Archive for the ‘Short Essays’ Category

Are we all laughing at the same thing?

Wednesday, December 5th, 2012

Somewhere in the wilds of the internet, I clicked through to the comedy sketch State Home for Manic Pixie Dream Girls. It’s fairly funny, in my opinion, although there’s a clangingly callous throwaway joke at the end that ruins it for me. But I was slightly irked by its underlying assumption that the Manic Pixie Dream Girl character is the main thing to be mocked: stupid MPDGs, who start out so refreshing and redemptive, until men weary of their whimsy. Hang on a second. Shouldn’t the mockery be aimed at the creators of the MPDG? There’s a brief flash of this in the State Home video, but it goes unexplored.

I was going to write a post about this until I realized that Feminist Frequency has already done it! It’s a bit more serious than I’d have been, but it’s all there. Take it away, FF!

If you want a transcript of the video, it’s here. And there’s some interesting conversation to be had in the comments, too. And now I’m off to read more about Feminist Frequency. Oh, the internets.

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Writing a book is not like having a baby

Wednesday, November 28th, 2012

That’s stating the obvious, isn’t it? Yet for the last few weeks, I’ve noticed a lot of references to “labour” and “birth”, to “midwives” and “newborns” – and these people aren’t talking about tiny humans.

This complaint may sound grumpy and petty; it’s not intended that way. I’m not disparaging the thousands of hours of hard work that go into either enterprise. Having chosen to engage in both, it’s only reasonable that I also love them both. But when we overuse this analogy, it deflates the delicate, consuming, enormously frustrating, and endlessly rewarding disciplines of both writing and child-rearing.

Writing is both easier and more difficult than having a baby because:

1. It fits into your schedule. If you don’t create time to write, you don’t write! (Try putting your colicky infant on hold that way…)

2. It hones skills you were already good at. I’m a voracious reader and I excelled in English all through school – a thoroughly typical profile for a writer. The things you learn daily as a writer tend to be subtle and they make you a slightly better craftsman in small but satisfying ways. The first diaper I ever changed, though? On my newborn son’s tiny, flailing, slippery bum, while I was stunned by opiates, full of stitches, and tethered to an IV pole. Why hello, learning curve.

3. Babies grow, develop, and become ever-more-interesting individuals. Your published book will always contain that typo you missed on p. 187.

4. A published book never grows less beautiful. Children become adolescents.

5. When writing, you are the boss. When parenting, you are a teacher/social worker/butler/wallet.

6. When writing, I am recognizably and consistently myself. When parenting, I am sometimes my own enemy, but more often I feel inspired to be a better human being.

What do you think of the book/baby analogy? Did I miss anything?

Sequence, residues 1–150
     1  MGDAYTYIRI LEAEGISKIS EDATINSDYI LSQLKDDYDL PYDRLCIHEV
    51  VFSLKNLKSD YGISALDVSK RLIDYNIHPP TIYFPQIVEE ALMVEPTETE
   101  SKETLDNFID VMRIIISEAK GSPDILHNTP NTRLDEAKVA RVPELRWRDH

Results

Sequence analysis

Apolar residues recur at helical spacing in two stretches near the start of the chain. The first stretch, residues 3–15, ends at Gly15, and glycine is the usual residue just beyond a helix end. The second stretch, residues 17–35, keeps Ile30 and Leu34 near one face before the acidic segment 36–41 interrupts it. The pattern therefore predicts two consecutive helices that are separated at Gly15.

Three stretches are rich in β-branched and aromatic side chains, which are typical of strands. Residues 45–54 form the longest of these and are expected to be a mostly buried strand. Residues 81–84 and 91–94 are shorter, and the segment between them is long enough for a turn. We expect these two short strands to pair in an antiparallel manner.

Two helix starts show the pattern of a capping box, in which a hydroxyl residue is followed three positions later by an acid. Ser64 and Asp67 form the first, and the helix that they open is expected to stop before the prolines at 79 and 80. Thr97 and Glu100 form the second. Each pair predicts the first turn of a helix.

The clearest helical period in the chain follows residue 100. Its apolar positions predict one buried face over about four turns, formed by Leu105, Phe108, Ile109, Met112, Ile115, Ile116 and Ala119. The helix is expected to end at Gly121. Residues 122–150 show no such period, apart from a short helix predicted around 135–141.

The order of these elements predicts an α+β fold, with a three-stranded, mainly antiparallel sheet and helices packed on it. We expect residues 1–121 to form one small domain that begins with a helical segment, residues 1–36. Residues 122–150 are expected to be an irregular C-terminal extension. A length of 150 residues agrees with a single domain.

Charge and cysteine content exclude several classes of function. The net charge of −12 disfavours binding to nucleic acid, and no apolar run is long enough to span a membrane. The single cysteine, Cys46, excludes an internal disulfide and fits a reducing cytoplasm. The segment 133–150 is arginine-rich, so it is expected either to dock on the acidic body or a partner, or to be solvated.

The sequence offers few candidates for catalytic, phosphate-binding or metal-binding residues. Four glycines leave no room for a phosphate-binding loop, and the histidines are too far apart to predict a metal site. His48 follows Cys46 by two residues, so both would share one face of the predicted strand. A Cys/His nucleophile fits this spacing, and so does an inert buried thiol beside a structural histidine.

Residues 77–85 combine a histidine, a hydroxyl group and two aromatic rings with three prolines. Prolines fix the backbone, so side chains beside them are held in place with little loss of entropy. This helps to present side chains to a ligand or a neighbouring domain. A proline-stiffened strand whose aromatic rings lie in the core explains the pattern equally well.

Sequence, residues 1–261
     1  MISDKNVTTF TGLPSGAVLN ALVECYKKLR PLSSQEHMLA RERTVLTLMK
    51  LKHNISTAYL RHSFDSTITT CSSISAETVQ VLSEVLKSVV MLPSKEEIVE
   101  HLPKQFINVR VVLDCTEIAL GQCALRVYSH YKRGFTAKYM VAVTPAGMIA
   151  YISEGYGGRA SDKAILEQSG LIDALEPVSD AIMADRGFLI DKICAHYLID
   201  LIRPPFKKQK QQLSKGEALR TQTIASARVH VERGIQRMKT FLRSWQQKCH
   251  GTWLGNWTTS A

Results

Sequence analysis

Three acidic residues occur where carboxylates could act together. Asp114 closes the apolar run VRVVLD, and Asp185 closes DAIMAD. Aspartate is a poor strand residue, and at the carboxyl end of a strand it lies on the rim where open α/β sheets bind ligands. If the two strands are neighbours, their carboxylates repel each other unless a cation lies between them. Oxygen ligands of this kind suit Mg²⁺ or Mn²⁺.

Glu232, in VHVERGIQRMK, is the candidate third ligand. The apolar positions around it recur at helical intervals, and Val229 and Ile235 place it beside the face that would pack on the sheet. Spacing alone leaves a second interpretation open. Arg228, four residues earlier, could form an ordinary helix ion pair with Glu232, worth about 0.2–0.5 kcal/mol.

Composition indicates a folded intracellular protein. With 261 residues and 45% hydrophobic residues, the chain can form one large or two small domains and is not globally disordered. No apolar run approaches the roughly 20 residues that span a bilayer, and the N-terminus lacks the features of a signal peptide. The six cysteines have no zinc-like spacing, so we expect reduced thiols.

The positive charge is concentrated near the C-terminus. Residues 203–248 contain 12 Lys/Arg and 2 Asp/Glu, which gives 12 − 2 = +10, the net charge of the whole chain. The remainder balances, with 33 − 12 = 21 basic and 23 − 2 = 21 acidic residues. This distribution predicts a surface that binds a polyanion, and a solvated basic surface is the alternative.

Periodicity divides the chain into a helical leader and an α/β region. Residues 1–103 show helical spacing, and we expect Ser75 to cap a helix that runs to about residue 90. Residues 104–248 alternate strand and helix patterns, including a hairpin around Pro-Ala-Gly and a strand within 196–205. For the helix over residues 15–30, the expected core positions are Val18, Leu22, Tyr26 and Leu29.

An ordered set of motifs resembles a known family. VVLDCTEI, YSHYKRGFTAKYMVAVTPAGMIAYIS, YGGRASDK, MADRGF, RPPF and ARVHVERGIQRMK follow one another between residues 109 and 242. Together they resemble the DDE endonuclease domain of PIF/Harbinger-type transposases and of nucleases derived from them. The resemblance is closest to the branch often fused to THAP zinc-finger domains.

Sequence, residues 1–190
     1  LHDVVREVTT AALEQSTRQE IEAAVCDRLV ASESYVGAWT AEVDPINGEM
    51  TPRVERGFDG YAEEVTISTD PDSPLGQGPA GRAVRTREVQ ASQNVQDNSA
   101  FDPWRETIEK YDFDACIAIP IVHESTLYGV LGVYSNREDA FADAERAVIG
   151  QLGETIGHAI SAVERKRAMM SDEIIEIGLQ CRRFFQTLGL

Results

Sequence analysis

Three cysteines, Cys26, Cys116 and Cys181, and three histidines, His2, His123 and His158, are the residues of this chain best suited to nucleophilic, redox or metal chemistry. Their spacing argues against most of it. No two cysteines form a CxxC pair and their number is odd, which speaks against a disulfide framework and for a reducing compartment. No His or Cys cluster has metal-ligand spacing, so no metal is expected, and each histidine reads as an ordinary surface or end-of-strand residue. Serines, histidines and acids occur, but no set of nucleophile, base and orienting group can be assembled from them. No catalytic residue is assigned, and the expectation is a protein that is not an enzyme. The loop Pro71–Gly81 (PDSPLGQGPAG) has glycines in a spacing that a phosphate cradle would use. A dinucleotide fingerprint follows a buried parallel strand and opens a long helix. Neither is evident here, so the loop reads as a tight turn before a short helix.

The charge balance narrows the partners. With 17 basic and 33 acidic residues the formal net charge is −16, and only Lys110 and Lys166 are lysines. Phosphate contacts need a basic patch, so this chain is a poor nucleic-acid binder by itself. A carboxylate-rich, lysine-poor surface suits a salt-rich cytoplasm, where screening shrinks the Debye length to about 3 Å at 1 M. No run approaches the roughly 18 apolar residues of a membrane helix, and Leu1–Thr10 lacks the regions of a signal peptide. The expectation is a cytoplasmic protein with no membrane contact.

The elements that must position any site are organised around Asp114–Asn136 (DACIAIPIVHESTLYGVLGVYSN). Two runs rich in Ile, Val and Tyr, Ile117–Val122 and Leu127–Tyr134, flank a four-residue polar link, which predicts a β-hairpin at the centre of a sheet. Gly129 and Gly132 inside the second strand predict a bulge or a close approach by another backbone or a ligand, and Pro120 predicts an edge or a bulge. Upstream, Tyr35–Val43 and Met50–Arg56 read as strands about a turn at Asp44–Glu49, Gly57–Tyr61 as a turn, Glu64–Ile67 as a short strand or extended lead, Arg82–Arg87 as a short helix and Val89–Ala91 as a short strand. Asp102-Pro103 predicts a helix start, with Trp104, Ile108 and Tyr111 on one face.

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Faster, Higher, Stronger

Wednesday, August 1st, 2012

So, the Olympics. As cynical as we’ve become about doping, fiscal and political scandals in host cities, and the sheer pomp of the Games, the athletic performances themselves are truly stirring, skin-prickling stuff. And the Olympics hold a special kind of interest in my family because my uncle, Cheah Tong Kim, represented his country, Malaysia, in swimming at the 1964 Tokyo Olympics. Over the past few days, watching highlights from the London Games got me thinking back to the birth of the modern Olympics. I knew they were a late-Victorian inspiration that resulted in the 1896 Games in Athens. But, as it turns out, there’s a lot I didn’t know about the inspiration behind the modern Olympic Games.

Before the Victorian era, there was a modern attempt to recreate the Olympic Games: the L’Olympiade de la République, which was held for 3 years in revolutionary France (1789, remember?). It makes sense: egalitarianism, a chance to compete physically, rather than socially or economically – it was a perfect kind of celebratory contest for revolutionary times.

Then came a lapse of about 60 years, which also makes sense: Victorian intellectuals greatly admired classical literature and culture, and it’s logical that they wanted to emulate the famous athletic contests of the ancients. But the French Revolution scared the pants off Western European monarchies, so there had to be a lapse of a few generations between the L’Olympiade de la République and any safe imitation.

So it wasn’t until 1850 that an English surgeon called William Penny Brookes established an Olympic Games in Wenlock, Shropshire. According to wikipedia, his aim was the “moral, physical and intellectual improvement of the inhabitants of the town and neighbourhood of Wenlock and especially of the working classes” (italics mine). That sort of paternalistic do-gooding couldn’t really be more Victorian.